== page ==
A Thousand Little Cuts Poster

A Thousand Little Cuts (2022) Review

A Thousand Little Cuts opens with a longish take of Anne (Rebecca Liddiard, Frankie Drake Mysteries, Barely Functional) jogging as a pop song plays in the background. Then, without warning, it switches to a brief clip of what seems to a sexual assault. And then we’re at the hospital, where Anne is being asked if she’ll be all right.

As if that isn’t confusing enough, instead of an answer we cut to Anne in her job where her boss blows off for a meeting with her. She picks up her friend Kiara (Nazanin Nour, All Screwed Up, A Deeper Love) for a wine and bitch session only to walk in on her boyfriend Greg (Brooks Ryan, The Adventures of Jurassic Pet, Robot Riot) with another woman. Only then do we realize she’s talking to a psychiatrist Dr. Atlas (Marina Sirtis, The Bezonians, Star Trek: The Next Generation).

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If all of that sounds rather confusing, that’s because it is. Writer/director Josh Brandon sets up a scenario where nothing seems to make any sense, to Anne or the viewer. She’s justifiably confused as to why a psychiatrist is questioning her when she came to get a sprained ankle treated. And why is she the only one who can sign off on her discharge papers? The viewer can’t help but notice what looks like a large bruise on her forehead. Are the two related? Or is there something else going on?

And indeed there is a lot more going on than first meets the eye, but it takes a while before A Thousand Little Cuts gives us enough information to start trying to figure out what it is. Instead, we get what almost seems to be a rom-com as Anne tries to get back into the dating scene only to have to deal with an unending string of creeps and losers before meeting Tom (Andrew Creer, Take Me to Tarzana, Lethal Weapon).

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Not being a fan of rom-coms this was, to say the least, rough for me to sit through. But once Detective Olson (Colin Ferguson, Breaking and Exiting, Lake Placid 3) enters the picture the tone of the film starts to change and A Thousand Little Cuts starts to get a bit darker. I do wish the first conversation between Detective Olson and Dr. Atlas had been handled differently. While short on details, it gave enough away that I could make some connections between what we were seeing in Anne’s life and the film’s title to get a strong feeling I knew what was going on.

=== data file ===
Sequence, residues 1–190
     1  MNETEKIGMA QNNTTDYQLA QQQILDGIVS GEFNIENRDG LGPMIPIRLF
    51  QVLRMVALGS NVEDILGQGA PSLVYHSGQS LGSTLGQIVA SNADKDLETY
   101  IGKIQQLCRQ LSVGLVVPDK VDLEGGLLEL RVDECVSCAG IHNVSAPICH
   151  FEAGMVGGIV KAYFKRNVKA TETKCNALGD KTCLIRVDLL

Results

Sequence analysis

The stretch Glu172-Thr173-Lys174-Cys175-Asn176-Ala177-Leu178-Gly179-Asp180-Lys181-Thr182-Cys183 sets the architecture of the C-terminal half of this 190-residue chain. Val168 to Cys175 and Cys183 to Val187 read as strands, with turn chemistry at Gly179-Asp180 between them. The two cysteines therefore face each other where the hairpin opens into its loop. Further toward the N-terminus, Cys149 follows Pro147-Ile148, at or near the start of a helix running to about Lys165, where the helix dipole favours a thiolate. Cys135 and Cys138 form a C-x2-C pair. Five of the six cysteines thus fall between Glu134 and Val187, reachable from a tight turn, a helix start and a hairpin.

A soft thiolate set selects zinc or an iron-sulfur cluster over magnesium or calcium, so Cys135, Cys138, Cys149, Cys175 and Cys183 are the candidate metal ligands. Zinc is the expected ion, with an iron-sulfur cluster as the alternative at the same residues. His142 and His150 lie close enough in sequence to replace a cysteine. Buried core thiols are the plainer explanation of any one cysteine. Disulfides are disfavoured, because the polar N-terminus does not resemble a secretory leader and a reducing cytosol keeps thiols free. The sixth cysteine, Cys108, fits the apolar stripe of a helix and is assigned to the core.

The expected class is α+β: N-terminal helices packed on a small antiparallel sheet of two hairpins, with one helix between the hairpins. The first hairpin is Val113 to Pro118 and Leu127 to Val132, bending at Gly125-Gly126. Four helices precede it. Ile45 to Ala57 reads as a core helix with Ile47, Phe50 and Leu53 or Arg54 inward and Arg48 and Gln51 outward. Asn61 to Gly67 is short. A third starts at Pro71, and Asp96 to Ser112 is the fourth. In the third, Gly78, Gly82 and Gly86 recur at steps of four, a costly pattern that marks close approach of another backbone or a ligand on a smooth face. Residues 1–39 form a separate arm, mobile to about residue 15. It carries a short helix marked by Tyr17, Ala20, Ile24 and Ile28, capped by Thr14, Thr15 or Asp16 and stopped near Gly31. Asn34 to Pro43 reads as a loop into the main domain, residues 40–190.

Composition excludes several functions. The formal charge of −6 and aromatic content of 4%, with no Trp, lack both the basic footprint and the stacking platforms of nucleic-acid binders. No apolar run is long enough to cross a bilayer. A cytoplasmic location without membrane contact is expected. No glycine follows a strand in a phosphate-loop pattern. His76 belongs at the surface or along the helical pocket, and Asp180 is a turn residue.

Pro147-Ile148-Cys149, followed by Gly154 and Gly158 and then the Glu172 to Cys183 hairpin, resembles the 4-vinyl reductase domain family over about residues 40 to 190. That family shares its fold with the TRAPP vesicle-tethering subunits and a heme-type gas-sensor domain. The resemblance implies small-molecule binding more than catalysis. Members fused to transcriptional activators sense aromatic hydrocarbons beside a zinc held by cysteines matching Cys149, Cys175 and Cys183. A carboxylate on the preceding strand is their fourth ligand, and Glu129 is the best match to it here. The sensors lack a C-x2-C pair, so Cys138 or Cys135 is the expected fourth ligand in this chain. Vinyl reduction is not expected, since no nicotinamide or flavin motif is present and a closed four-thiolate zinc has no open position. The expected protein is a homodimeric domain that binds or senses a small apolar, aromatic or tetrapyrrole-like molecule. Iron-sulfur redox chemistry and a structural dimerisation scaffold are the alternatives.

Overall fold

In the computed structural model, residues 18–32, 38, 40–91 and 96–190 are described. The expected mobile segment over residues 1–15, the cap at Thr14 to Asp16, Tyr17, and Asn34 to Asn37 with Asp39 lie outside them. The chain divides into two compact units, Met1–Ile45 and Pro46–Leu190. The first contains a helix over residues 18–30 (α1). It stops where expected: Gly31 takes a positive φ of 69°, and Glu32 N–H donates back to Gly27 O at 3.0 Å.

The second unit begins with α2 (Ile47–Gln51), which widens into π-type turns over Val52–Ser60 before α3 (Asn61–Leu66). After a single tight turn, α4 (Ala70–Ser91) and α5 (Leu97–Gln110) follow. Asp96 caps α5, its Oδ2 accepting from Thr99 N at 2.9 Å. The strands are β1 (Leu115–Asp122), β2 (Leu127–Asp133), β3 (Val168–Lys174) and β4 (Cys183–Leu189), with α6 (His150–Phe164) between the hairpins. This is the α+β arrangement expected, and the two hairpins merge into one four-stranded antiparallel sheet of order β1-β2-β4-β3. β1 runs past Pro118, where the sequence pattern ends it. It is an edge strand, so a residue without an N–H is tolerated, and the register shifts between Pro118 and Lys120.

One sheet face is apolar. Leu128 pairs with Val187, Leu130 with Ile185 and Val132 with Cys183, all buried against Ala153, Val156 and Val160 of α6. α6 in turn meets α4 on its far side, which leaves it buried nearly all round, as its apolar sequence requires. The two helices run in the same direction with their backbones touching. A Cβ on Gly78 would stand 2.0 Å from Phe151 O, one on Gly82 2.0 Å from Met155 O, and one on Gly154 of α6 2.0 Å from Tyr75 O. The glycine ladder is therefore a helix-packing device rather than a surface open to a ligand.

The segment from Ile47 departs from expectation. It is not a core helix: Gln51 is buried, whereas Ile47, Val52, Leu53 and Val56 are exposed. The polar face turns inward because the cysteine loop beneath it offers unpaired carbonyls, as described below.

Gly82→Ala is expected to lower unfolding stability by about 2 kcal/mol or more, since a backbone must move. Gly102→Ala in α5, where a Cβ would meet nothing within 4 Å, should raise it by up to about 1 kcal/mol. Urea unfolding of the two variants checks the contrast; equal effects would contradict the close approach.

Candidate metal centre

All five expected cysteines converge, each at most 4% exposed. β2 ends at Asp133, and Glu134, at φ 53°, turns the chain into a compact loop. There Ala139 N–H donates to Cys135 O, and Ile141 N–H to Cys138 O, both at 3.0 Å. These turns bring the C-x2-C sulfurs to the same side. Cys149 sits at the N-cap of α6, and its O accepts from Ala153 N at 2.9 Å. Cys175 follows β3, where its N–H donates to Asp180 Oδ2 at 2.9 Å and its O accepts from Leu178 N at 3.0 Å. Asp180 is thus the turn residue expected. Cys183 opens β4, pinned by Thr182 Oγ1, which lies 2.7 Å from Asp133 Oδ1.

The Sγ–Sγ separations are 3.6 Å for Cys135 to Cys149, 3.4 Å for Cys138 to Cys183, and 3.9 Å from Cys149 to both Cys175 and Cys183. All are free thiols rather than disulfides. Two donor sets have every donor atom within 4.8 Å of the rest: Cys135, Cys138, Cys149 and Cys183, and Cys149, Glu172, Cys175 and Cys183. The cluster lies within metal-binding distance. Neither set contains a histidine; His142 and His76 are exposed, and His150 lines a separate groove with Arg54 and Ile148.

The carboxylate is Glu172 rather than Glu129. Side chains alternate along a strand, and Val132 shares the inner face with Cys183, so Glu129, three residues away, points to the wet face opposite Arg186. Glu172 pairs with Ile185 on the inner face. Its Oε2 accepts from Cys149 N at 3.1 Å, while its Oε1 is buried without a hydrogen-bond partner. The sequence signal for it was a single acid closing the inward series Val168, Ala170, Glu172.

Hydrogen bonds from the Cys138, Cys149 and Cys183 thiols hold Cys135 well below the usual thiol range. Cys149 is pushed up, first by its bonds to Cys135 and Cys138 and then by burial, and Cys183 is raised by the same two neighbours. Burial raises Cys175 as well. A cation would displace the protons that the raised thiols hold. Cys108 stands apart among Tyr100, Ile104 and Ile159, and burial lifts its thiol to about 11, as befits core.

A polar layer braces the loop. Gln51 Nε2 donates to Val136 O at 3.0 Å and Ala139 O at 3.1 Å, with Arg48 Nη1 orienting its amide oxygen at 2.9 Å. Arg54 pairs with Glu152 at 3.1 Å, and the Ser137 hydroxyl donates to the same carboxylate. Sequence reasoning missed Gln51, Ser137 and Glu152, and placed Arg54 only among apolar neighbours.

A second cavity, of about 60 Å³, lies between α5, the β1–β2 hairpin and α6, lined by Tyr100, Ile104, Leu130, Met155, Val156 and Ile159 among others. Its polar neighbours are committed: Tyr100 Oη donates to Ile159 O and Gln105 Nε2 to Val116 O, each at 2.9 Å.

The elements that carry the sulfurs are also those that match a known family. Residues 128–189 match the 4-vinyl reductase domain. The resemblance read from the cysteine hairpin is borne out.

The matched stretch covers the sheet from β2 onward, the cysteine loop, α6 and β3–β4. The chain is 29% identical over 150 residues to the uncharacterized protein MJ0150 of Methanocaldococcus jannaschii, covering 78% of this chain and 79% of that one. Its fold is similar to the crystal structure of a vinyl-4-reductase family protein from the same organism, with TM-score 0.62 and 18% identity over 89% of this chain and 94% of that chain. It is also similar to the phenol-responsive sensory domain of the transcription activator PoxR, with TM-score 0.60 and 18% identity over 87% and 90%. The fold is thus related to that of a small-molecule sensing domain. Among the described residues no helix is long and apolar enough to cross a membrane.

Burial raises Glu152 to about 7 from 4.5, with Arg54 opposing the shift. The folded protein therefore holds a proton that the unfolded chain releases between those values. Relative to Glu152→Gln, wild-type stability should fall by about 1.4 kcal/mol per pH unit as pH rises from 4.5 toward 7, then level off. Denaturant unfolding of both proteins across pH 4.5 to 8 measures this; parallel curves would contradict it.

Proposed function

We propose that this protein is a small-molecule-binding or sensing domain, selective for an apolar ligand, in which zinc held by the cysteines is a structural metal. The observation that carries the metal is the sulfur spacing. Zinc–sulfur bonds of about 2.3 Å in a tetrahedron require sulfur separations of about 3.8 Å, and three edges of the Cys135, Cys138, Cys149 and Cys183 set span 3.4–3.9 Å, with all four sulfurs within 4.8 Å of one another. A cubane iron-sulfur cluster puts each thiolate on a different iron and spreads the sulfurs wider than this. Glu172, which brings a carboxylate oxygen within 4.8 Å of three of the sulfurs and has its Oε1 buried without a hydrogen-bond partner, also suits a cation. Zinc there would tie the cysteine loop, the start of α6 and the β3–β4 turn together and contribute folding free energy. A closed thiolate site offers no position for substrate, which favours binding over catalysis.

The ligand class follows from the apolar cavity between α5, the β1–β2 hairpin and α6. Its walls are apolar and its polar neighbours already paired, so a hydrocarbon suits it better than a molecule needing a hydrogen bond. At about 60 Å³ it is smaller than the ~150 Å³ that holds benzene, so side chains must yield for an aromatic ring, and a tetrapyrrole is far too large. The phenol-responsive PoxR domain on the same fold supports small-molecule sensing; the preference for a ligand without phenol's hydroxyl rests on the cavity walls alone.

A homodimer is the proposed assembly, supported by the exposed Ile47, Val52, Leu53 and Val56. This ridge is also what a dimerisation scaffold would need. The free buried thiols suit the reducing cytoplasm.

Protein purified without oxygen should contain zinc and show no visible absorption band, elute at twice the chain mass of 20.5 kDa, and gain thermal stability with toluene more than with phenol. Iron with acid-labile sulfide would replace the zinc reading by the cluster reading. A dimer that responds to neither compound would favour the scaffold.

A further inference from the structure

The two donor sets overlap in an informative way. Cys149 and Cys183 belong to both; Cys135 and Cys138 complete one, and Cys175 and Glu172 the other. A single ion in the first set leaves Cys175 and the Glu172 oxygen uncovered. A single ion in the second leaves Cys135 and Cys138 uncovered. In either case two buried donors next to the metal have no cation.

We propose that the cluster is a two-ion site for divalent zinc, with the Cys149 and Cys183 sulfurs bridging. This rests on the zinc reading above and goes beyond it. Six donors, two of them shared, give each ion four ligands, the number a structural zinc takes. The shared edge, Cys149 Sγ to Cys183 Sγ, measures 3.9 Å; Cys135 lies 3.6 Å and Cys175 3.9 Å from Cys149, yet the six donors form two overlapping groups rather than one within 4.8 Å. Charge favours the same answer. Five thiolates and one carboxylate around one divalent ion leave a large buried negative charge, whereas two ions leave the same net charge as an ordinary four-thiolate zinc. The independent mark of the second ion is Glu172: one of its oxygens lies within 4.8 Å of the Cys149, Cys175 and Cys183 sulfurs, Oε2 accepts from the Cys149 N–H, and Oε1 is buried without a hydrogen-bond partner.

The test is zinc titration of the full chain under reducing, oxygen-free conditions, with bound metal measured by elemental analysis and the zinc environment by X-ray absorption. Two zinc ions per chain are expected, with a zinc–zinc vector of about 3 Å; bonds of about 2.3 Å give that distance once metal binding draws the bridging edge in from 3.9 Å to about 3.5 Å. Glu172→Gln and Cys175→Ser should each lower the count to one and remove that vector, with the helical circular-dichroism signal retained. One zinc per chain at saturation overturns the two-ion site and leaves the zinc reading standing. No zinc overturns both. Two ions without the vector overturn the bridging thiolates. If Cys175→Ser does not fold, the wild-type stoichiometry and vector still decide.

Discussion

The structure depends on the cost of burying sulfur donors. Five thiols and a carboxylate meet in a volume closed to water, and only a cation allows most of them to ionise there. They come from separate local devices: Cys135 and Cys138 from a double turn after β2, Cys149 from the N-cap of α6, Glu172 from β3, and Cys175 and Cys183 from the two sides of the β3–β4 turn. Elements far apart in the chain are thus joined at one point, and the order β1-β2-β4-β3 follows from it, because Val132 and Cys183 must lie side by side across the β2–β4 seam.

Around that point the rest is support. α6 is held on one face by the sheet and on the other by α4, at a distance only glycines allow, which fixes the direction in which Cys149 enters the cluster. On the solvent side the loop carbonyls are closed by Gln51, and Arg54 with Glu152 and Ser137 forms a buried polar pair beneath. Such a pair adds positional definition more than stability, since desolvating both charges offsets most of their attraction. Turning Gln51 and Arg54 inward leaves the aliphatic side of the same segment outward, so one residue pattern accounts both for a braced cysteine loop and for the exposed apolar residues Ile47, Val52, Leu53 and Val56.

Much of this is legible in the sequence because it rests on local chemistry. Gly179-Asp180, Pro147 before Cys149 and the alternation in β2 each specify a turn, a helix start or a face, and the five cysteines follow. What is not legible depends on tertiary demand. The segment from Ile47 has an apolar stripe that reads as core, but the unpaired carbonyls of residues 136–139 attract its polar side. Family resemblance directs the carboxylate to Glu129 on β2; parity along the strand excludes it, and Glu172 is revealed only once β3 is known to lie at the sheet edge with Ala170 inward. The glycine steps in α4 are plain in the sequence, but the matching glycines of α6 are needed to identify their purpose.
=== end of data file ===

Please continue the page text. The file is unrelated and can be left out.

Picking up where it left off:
And as A Thousand Little Cuts’ narrative begins to twist around, it became clear I was right. Conversations we witnessed apparently never took place and things we saw never happened. Somebody’s sense of reality is seriously flawed and the rest of the film tries to fill in what their mind is trying to avoid remembering, and why. Unfortunately, the conversations between the doctor and the cop keep giving away information that should have been kept quiet until later in the film. It doesn’t ruin A Thousand Little Cuts, but it does take away a lot of potential suspense. But, given how blatantly these things are revealed it was obviously done intentionally, not as a result of bad dialogue.

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The result is an interesting thriller that unfortunately keeps coming close to being a drama about abusive relationships, violence and a dedicated doctor trying to get to the bottom of it all. And I knew that the answer was going to involve the jogger (Randy Wayne, Clown Fear, Hellraiser: Judgment) but I didn’t expect it to play out quite the way it does. A Thousand Little Cuts is an earnest little film that kept my attention, even if it did feel a bit too much like a medical drama at times.

Vision Films will release A Thousand Little Cuts to Digital and VOD platforms on May 3rd. It will also screen on the 3rd and 4th at the Laemmle Glendale. You can check Vision Film’s website and Facebook page for more information. And if you’re looking for more of the same, FilmTagger has some picks for you.

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